As I read, I also found myself asking, “How am I American?” Meyer talks about the scales being relative to what countries are in the mix of communication, so as I consider this relativity it seems that in America, I am actually French (although I lead like an Australian). I “read the air” like the French. I persuade like the French. I trust like the French. I disagree like the French. This explains a great deal as to why I have often felt like my communication ends in a black hole. I feel that people don’t track with what I’m saying, or that they are off put. I may be able to connect, but if I live into my own FRECNH way, I am met with blank stares.
I struggle in low-context environments. The “tell them what you are going to tell them, tell them, and then tell them what you told them” stresses me. Accordingly, my sermons may be critiqued as “drive by sermons”; I speak le deuxième degré, hoping the listener will care enough to do the work of discovering the deeper word of God. My natural communication style is high-context but I have begun to learn how to refine my approach recognizing Americans don’t usually meet me in nuance. I finally agree with Meyer where she says, “being an agile communicator, able to move adroitly in either direction, is valuable skill for anyone in business.”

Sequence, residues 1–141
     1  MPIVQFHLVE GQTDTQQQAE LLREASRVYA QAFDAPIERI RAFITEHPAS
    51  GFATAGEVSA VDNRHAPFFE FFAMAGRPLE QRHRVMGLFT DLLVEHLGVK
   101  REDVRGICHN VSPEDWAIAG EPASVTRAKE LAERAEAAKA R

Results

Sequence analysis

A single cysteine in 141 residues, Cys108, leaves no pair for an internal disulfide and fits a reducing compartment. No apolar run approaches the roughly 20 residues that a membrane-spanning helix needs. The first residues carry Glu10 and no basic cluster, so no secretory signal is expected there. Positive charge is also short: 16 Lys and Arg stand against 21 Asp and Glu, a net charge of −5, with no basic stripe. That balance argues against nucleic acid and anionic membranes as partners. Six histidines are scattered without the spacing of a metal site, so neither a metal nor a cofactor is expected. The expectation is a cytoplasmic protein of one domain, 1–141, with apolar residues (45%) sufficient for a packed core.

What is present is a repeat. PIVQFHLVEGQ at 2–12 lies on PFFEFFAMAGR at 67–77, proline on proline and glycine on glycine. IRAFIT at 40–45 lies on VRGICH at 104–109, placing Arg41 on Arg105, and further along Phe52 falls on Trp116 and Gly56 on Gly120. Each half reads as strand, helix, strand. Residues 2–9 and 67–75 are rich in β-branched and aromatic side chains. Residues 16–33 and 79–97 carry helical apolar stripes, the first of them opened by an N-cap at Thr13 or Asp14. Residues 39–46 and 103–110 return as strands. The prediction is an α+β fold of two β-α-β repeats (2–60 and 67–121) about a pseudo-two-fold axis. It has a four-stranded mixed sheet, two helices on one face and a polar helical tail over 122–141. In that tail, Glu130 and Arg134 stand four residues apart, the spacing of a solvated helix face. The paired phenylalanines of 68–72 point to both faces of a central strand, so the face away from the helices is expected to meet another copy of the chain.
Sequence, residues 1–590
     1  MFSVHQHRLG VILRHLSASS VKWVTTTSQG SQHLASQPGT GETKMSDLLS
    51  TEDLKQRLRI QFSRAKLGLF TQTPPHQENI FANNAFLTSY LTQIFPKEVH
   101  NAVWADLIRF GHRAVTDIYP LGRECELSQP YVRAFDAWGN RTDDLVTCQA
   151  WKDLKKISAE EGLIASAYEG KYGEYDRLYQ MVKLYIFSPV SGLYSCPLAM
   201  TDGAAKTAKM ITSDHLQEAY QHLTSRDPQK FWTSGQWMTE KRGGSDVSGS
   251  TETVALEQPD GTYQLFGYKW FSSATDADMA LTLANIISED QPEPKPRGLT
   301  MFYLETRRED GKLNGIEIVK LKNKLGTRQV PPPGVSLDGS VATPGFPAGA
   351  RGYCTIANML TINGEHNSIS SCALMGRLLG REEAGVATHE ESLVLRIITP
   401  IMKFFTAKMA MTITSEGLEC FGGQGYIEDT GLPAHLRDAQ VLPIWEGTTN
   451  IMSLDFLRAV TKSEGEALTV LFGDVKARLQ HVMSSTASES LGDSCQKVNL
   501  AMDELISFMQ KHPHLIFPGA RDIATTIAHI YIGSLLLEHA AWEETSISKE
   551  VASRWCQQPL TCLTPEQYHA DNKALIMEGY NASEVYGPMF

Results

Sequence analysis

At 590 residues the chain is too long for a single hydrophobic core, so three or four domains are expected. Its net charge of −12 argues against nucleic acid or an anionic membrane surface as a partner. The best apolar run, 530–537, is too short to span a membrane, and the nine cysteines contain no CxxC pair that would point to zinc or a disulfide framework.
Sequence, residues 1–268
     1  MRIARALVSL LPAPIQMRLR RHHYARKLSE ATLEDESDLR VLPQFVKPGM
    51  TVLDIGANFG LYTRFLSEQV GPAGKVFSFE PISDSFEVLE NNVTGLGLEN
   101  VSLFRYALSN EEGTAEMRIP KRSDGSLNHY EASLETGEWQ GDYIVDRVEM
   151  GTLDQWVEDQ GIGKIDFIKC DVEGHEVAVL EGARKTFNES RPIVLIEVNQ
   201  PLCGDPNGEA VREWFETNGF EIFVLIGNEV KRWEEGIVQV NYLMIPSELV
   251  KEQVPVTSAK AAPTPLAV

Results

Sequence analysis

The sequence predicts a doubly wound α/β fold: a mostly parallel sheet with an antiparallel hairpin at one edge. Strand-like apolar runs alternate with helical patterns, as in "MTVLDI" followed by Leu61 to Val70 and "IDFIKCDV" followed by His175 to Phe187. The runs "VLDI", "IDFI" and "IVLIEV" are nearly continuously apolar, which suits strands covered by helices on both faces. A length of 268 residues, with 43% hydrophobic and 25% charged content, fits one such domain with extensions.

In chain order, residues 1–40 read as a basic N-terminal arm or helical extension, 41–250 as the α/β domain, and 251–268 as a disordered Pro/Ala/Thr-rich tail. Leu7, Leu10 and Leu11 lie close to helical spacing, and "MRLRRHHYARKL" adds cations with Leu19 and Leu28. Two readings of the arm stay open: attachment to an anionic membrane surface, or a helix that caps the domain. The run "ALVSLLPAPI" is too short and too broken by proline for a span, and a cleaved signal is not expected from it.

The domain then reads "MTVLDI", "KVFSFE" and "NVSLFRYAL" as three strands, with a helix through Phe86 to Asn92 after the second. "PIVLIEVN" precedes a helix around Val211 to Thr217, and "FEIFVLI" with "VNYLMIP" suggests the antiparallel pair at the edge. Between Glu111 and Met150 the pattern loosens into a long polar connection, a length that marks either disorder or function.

The other dimension in which I am strongly convinced I am French, is the “Disagreeing” scale. Meyer begins chapter 7 sharing her personal anecdote at a dinner party in France where she was the only American. As the story unfolds, I see myself firmly ensconced at that table thriving in the “confrontational” style discussion. I often have found myself at odds within the churches I have served because of my passion. I live into highly energetic disagreements without any intention of making it personal. The problem comes with members who eagerly avoid conflict. Churches tend to identify with Prince Shotuku’s Seventeen-Article Constitution that is founded on harmony. Although I must admit I think harmony has been one of the culprits in what Friedman calls, “hostile environment”. This nature of harmony opens the door to triangles, and according to Friedman triangles know no culture. I concur with one of Meyer’s French teammates who said, “We make our points passionately. We like to disagree openly. We like to say things that shock. With confrontation, you reach excellence, you have more creativity, and you eliminate risk.” I am learning to reign myself in for I am seeing I am a lot to take in here in America. This is just another dynamic of Friedman’s call for self-regulation.